The International Order of Odd Fellows began in Britain as a non-sectarian and charitable organization. Its lodges spread throughout the United States, especially in the years following the Civil War.
Americans, traditionally, have been great “joiners.” Various lodges, societies and Granges once flourished in Clearfield County.
People stayed close to home as travel was often difficult for working families. Close community bonds were formed among families, neighbors and townspeople who met and participated in lodge activities.
The IOOF may seem like an “odd” name to some, but is stressed the familiar strain of “friendship, love and truth.” A large section of the cemetery in Brisbin is still known as the Odd Fellows Cemetery.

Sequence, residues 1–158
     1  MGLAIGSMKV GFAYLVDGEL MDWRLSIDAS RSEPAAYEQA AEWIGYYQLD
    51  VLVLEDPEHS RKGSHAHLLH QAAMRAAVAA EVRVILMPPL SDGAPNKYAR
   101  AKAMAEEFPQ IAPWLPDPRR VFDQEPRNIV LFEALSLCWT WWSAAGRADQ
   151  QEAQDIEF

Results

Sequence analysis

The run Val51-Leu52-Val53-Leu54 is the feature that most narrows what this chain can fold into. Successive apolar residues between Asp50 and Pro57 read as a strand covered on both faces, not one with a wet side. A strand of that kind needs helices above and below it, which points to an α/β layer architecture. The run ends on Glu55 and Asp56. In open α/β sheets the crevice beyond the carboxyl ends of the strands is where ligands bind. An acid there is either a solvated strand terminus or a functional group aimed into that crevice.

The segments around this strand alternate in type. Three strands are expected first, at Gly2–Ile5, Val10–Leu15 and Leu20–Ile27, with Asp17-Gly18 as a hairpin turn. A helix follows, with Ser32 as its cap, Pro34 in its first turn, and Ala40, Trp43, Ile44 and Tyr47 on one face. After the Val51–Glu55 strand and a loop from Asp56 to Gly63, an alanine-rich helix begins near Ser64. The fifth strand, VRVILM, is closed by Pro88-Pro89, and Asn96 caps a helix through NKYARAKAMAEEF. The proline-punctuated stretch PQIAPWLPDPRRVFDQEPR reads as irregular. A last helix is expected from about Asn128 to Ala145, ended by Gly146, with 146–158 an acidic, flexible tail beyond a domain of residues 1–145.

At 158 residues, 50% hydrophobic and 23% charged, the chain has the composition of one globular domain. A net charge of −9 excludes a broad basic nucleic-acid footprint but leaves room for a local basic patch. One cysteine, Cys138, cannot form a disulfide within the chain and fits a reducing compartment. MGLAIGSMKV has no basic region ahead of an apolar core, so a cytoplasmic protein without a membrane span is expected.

The color-tinted photo shows the well-marked IOOF Building on Brisbin Borough’s Swoope Street, a few hundred feet from the Pennsylvania Railroad Station.
Brisbin began as a coal mining town, along with adjacent Houtzdale, in the 1870’s. It was known as North Houtzdale until it was incorporated as a separate borough in 1883.
The photo also shows the common dirt streets and horse drawn wagons of the time. The building shown has long since been taken down.
The IOOF Lodge met upstairs in the building while the lower part housed a store operated by the Gould family, long-time residents of Brisbin.